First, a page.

Capitalising natural resources in a country like India through an auction process, solely with the intention of creating a high stream of revenues for the exchequer, leaves a lot to be desired. Thus, current events in India have moved into a trajectory that reminds us of the musings of a reform process that surely would raise costs for the poor. The case in point is coal block auctions, as it is the poor who pay for coal. The Government after almost a decade of policy posturing, that left more people divided on the issue than ever, brought a semblance of consensus that the way to go was to auction every coal block in India. The polity also seemed to have no other option.
There is no other country in the world that has taken auctioning as the only route and not without reason-the most important and relevant reason being high cost. The auction route raises the cost of coal and the price of coal in India is slated to spiral up when prices are decided based on a cost-pass-through mechanism as more and more of these auctioned coal blocks start to produce, which is actually quite counter-intuitive. Who pays, by the way, for the coal? Mostly the common man pays, as power tariffs work through the pass-through mechanism.
The rhetoric on the bonanza of coal auction bringing in lakhs of crores of rupees, is expected to be the burden to be borne by the poor over the next several decades. The cost of coal extracted from the new blocks would be almost double the marginal cost of coal mines currently in operation when all the costs are factored in. On the contrary, the price of coal traded in the country from the public sector Coal India is currently far lower than the winning bids of the coal auction. If the actual cost has a pass-through mechanism in every commodity and service linked with energy, the electricity price is bound to rise or else the subsidy bill would have to bloat. The bankers who have a large loan portfolio linked to this sector cannot go unscathed.
* All prices in Rs/ton of coal. The comparison should be done with the average GCV range of 4,000 Kcal/Kg, for which the current prices of coal from Coal India Mines are hovering around Rs 1,000/ton. Thedata given below shows the auctions against the notified price (taken from Scroll.in May 8, 2015)
|Table-1: Published coal prices in SCCL |
||Gross Calorific Value
||Price Per Ton |
|G14 Yellandu CHP
The published coal prices in the public sector Singareni Collieries Company Limited (SCCL), Price Notification No.61/2015-16 is given in Table-1.
There were a few blocks in which the winning bids had prices below the notified price as well (the Government had reasons for them to be so, citing land acquisition costs, type of coal, difficulty of mining, etc, which, however, should have been reflected in the notified price).
|Table-2: Blocks in which Bid Prices were over 100% above Notified Prices |
|* all prices per ton of coal |
The winning bids in this last category are still far above the current coal being auctioned by Coal India through the e-auction process.
The private players desperate to secure coal for their already constructed power plants made either the Type-1 or the Type-2 errors under business compulsions, as such they were never at fault. They accepted the null hypothesis when it was false (accepting a high cost auctioning process which goes against the overall objectives of the business) and they rejected a hypothesis when it was true (by not participating in the auction they could have gained in the long run).Let me elaborate the second option open to the private players. If the participation in the coal block auction would have been zero, the coal blocks would have had to be given away to the monopoly public sector entity Coal India and the prices of coal would have come down dramatically and the benefit would have gone to the private players in need of coal and the larger sections of the poor would have benefitted.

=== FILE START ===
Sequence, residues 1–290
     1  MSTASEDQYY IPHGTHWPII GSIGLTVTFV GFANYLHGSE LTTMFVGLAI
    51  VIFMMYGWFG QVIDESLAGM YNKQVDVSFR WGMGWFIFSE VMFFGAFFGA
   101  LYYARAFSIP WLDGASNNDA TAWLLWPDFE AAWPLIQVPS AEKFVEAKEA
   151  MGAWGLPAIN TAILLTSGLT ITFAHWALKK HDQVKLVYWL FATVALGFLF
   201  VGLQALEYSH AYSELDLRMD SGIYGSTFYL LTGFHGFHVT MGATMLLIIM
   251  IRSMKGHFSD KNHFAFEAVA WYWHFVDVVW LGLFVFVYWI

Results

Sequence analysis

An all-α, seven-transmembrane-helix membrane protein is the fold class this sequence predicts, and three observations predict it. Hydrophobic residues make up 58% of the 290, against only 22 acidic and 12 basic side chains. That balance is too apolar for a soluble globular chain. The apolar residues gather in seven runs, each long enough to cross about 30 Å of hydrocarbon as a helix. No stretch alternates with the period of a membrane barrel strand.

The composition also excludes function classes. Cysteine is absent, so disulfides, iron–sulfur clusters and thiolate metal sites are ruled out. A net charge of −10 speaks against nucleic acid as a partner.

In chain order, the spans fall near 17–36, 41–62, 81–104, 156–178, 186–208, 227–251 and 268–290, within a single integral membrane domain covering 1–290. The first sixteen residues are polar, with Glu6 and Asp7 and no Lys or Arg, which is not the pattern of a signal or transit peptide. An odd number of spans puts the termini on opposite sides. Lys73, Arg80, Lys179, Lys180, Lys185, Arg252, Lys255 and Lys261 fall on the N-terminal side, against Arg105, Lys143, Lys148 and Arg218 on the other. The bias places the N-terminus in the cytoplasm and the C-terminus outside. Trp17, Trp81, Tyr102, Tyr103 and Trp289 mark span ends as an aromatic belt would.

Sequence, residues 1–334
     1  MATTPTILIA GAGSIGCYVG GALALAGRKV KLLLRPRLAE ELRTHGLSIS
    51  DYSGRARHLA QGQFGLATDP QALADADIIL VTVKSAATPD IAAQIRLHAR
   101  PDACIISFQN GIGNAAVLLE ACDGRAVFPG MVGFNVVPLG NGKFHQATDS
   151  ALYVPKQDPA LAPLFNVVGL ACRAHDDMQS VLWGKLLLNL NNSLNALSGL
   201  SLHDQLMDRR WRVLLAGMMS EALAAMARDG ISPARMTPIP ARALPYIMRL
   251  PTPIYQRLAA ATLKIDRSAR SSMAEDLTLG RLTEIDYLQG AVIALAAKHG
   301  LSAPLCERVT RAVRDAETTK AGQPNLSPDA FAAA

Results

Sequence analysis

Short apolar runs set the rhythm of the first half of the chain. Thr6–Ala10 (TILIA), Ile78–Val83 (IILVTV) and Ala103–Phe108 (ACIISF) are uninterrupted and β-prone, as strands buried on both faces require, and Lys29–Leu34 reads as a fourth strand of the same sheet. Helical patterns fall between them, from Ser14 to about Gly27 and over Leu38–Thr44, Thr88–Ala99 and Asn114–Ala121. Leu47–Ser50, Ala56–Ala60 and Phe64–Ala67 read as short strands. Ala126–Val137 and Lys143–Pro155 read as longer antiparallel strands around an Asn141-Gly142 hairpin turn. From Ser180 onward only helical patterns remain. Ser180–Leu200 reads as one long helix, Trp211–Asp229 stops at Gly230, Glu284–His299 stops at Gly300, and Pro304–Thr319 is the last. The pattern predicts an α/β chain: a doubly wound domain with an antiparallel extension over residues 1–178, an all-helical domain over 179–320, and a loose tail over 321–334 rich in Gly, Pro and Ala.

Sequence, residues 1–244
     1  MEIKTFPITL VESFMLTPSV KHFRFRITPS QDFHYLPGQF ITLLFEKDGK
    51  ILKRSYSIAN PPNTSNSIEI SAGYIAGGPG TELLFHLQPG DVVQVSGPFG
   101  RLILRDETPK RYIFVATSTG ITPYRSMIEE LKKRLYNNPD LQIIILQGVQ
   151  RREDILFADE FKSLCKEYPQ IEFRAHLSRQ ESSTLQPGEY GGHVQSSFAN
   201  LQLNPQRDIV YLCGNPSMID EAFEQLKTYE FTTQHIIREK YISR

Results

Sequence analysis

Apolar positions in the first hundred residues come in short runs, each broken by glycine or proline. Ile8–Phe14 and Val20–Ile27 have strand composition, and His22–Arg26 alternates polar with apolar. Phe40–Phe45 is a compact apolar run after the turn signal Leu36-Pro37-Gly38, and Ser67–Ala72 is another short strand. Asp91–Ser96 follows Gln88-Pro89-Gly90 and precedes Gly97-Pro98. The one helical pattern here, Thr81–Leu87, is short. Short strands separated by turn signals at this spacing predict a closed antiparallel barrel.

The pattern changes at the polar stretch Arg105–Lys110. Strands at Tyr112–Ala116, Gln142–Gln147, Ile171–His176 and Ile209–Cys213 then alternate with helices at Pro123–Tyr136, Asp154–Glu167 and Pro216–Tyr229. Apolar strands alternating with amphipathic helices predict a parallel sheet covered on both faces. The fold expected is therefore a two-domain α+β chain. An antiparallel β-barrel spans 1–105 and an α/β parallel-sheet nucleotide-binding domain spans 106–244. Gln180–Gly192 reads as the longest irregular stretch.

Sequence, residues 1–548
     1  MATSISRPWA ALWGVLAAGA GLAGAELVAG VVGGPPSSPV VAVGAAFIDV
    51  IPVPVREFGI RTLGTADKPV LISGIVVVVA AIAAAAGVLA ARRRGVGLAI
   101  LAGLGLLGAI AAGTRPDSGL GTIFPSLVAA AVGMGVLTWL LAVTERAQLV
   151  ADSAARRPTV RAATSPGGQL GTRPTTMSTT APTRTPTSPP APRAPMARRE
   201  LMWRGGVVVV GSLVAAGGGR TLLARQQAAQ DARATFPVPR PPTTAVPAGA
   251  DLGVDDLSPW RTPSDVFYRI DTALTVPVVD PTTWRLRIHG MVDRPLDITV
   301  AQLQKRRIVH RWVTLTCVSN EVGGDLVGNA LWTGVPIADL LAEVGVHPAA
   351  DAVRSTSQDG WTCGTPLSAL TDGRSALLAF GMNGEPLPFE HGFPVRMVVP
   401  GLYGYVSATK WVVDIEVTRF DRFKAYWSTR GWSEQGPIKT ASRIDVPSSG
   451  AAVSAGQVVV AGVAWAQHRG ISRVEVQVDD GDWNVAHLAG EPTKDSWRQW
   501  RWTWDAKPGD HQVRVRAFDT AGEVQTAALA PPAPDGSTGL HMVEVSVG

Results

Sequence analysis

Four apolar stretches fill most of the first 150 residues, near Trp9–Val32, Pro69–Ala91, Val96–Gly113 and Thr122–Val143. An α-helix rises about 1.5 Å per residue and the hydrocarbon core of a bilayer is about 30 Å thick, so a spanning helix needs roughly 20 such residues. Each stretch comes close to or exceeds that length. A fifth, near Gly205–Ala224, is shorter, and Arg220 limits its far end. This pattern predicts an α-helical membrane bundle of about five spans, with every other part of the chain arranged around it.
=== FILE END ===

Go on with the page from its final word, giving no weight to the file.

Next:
|Table-3: Blocks in which Bid Prices were positive, but below 100% of Notified Prices |
|* all prices per ton of coal |
The Government actually made the process such that it appeared to leave no other option for the private sector, as there were always that desperate few who would have come forward to participate, thereby leaving a non-participant taking the brunt of the price increases anyway.
The political compulsions of a polity came before the interests of the country, both poor and rich. The rising rhetoric of goodwill that it enshrined left few with the options to point out the pointless economics behind such an act.
The quandary in which the private players have been left to has even more widespread ramifications, and if the direction remains the same for any natural resource to be given for private sector exploitation, then the interest for such exploitation would be waning at an accelerated pace.
What does this leave the private sector with? If the blocks allotted are not aggressively ramped up, the cost has no chance of coming down either. So the private sector would have to go for it forthwith. Some would be rambling to see how the domestic coal prices pan out in the short and medium term and take the initial brunt of the fixed costs. But it is rather odd that when the world´s coal prices have reached the nadir, India raises the toast for the ´highest cost coal producer of the world´ tag.
Authored by Mr Procyon Mukherjee, President, Central Logistics Function, Hindalco, Mumbai. He has been associated with the Aditya Birla Group for nearly two decades. The views are personal.
|Table-4: Blocks in which Bid Prices were below Notified Prices |
|* All prices in Rs/ton of coal |